Around the end of March, the second wave was in full swing with new cases steadily piling up. Between the third of March and the 1st of April, daily case numbers ballooned from around 18,000 to 81,000. Between the 1st of April and the 21st of April, daily case numbers increased from 81,000 to 315,000 per day. This was a world record, and even now the numbers keep increasing. Bear in mind, India still has a low testing rate, among major countries it is possibly among the lowest in the world. The actual data might as well be more than this, however, even with that limited testing, we are seeing a dramatic rise in cases which is unparalleled. Along with the new cases, the daily death figures have also been showing a steady increase. The result of all of this has been that India’s faltering healthcare infrastructure has all but collapsed. Among the shortages seen are shortages of vaccines, oxygen cylinders, intensive care units, and finally a shortage of essential drugs like Remdesivir. The government had created a scheme for building up India’s healthcare capacity during the pandemic under the so-called Prime Minister’s Citizen Assistance and Relief in Emergency Situations scheme (or PM CARES scheme for short). However, the lack of transparency in the scheme had already started to raise suspicions. Now it has been found out that almost a billion dollars were accumulated from the PM CARES fund, but it is still unclear how the money has been spent. It is not a stretch to imagine that this PM cares fund was simply a way to swindle the public of their money. It had been reported that many of the ventilators procured by the fund were of sub-standard quality and there was discrimination against states that faced the steepest rise in cases. The fund did not help in overcoming the shortage of critical healthcare infrastructure. 

The discrimination did not stop here, on the contrary, vaccine distribution and oxygen supplies were similarly hampered by such discrimination, done entirely at the hands of the central government. Between March and early April, when the second wave hit largely along Western Indian states, it was clear that Maharashtra, which remains the epicentre of the virus, would be the worst affected state in the country, and one which had the greatest demand for vaccines. Of the total vaccines distributed, about 4 million doses were made available to Andhra state Pradesh, 3 million doses to Gujarat state, and only 1.7 million to Maharashtra. The state with the second largest population in the country received less than half the doses of another peninsular state (Andhra Pradesh) which had a fraction of COVID cases. This discrimination was purely based on political consideration, as Maharashtra had a Congress and Shiv Sena coalition government in power, both oppositional parties. This isn’t all that is flawed about India’s vaccine drives. The country which had been hailed for its success in wiping out polio and mass vaccination programme is now faltering, as leading vaccine producers are charging for each dose. Further discrimination was revealed when the chairman of the Serum Institute, the world’s largest vaccine manufacturer, reported that they would be selling vaccines to states at over three times the price to the central government.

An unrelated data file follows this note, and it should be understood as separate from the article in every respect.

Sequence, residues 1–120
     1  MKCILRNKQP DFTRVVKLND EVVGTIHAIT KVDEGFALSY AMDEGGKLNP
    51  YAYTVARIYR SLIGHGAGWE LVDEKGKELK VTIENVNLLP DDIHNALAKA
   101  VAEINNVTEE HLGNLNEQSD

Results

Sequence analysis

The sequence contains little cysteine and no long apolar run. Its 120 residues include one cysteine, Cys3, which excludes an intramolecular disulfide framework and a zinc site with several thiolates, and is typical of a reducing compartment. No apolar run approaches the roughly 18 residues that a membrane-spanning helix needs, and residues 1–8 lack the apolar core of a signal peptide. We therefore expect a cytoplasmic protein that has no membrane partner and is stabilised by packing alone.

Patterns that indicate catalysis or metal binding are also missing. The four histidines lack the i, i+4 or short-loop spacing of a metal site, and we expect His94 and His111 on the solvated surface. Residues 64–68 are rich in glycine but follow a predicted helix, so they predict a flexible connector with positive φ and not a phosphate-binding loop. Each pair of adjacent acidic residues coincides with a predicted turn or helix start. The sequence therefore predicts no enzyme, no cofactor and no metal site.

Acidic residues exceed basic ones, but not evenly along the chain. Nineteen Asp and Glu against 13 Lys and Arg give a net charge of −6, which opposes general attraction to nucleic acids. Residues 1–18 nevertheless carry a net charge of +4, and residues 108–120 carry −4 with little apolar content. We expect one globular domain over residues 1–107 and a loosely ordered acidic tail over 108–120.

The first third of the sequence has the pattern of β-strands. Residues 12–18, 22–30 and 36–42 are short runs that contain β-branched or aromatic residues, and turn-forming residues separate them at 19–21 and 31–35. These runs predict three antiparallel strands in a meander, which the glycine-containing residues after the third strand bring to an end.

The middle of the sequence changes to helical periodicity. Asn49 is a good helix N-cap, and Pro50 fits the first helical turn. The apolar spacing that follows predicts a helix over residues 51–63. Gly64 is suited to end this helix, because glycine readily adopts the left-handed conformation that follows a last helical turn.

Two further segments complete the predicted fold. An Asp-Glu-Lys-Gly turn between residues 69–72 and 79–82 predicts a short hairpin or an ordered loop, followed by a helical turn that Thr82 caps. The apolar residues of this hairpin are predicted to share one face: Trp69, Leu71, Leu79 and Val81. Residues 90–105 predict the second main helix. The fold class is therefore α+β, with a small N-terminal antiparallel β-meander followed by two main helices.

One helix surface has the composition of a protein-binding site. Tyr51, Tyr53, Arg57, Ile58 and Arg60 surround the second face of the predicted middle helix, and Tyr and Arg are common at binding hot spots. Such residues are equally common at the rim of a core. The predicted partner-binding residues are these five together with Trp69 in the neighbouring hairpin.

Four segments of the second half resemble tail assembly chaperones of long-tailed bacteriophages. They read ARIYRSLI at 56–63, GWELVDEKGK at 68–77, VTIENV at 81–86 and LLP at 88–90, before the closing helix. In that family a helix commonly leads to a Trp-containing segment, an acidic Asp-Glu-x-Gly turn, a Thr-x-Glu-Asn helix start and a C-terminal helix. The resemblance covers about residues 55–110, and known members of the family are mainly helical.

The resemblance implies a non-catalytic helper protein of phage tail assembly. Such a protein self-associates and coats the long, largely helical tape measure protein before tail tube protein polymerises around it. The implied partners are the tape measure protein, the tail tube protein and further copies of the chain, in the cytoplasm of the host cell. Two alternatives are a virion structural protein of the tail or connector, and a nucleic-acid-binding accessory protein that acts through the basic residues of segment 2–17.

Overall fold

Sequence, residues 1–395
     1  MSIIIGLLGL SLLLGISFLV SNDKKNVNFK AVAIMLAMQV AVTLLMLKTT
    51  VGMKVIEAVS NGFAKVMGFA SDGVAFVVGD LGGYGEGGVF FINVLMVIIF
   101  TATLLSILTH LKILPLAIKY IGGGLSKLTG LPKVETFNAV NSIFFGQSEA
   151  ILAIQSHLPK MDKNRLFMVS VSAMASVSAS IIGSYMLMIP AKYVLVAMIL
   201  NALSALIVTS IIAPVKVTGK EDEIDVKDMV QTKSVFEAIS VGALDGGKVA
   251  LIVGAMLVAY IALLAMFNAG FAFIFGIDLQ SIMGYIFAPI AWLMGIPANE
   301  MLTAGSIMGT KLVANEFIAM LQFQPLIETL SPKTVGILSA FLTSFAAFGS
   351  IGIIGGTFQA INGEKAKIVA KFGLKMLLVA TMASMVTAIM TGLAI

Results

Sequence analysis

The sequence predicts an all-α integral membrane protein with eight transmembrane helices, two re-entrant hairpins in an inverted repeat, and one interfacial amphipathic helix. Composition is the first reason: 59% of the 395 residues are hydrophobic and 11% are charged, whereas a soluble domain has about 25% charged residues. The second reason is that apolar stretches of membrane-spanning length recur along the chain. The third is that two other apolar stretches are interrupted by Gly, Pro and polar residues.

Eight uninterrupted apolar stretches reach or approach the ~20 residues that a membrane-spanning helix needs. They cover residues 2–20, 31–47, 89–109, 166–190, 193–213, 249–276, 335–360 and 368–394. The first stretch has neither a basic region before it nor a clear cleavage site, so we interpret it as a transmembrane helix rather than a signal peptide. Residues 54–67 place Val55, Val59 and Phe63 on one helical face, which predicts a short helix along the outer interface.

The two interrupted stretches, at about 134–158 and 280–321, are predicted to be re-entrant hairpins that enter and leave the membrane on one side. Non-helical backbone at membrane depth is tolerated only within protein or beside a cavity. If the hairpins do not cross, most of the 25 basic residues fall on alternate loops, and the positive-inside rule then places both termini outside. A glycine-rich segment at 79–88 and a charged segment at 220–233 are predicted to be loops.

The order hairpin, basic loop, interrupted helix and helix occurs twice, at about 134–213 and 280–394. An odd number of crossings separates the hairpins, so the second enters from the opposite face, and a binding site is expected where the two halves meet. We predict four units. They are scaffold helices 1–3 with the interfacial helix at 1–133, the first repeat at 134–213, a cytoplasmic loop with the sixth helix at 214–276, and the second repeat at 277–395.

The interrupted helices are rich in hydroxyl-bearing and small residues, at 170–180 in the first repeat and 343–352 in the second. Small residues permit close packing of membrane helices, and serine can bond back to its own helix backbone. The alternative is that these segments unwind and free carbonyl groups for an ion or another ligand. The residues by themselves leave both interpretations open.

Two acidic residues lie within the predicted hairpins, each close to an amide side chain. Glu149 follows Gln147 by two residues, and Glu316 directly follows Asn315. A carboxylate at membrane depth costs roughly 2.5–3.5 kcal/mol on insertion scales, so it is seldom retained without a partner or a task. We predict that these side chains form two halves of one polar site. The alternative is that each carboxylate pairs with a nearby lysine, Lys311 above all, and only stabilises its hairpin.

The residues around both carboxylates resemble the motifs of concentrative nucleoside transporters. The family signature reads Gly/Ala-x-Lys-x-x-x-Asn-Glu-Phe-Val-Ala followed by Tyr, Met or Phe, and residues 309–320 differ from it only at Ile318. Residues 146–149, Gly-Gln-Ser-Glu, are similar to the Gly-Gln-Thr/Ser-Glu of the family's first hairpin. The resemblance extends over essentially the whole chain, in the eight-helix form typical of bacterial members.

As things stand now, the virus has spread and continues to spread at an alarming rate, the situation can be said to be beyond grim, and nearly hopeless. The arrogant Modi government has been forced to take the bitter pill, and accept aid from outside. In a heartening development, people from Pakistan expressed their support and sympathy for Indians across the border, Twitter started trending  #pakistanstandswithindia, some organizations offered ambulances to help the treatment of patients. For a moment at least, it seemed like the virus had brought Indians and Pakistanis together. Death from the virus had mellowed communal divisions and proved to be an equalizer, even as Pakistan had been fumbling in containing the pandemic in its own country. Ironically, Pakistani citizens had shown more sensitivity for the lives of Indians than the country’s political leadership, including personalities like Haryana Chief Minister Manohar Lal Khattar, who went on record to say that there was no point in gathering data for the deaths from Covid because ‘it would not bring them back.’ 

The most egregious and insensitive of the BJP Chief Ministers, however, has proven to be the Uttar Pradesh Chief Minister Yogi Adityanath, who has focused the state’s machinery on harassing and arresting people who have posted about oxygen shortages in the state. The government has repeatedly claimed that there is no oxygen shortage in Uttar Pradesh, but the claim has been debunked over and over again. This has not stopped the state government from cracking down on hospitals that have reported oxygen shortages, or individuals who have taken to social media to reach out to the public for help in procuring essential supplies, especially oxygen cylinders and Remdisivir. In this time of crisis, the government has barely taken any steps to ensure spreading such vital information, and it has left it to the states and individuals to take care of themselves. While people everywhere are clamouring for oxygen cylinders and essential drugs, the government continues to push on its vanity Central Vista Redevelopment Project in New Delhi. No doubt the health and safety of workers involved in the construction would be threatened due to the state of the pandemic in New Delhi.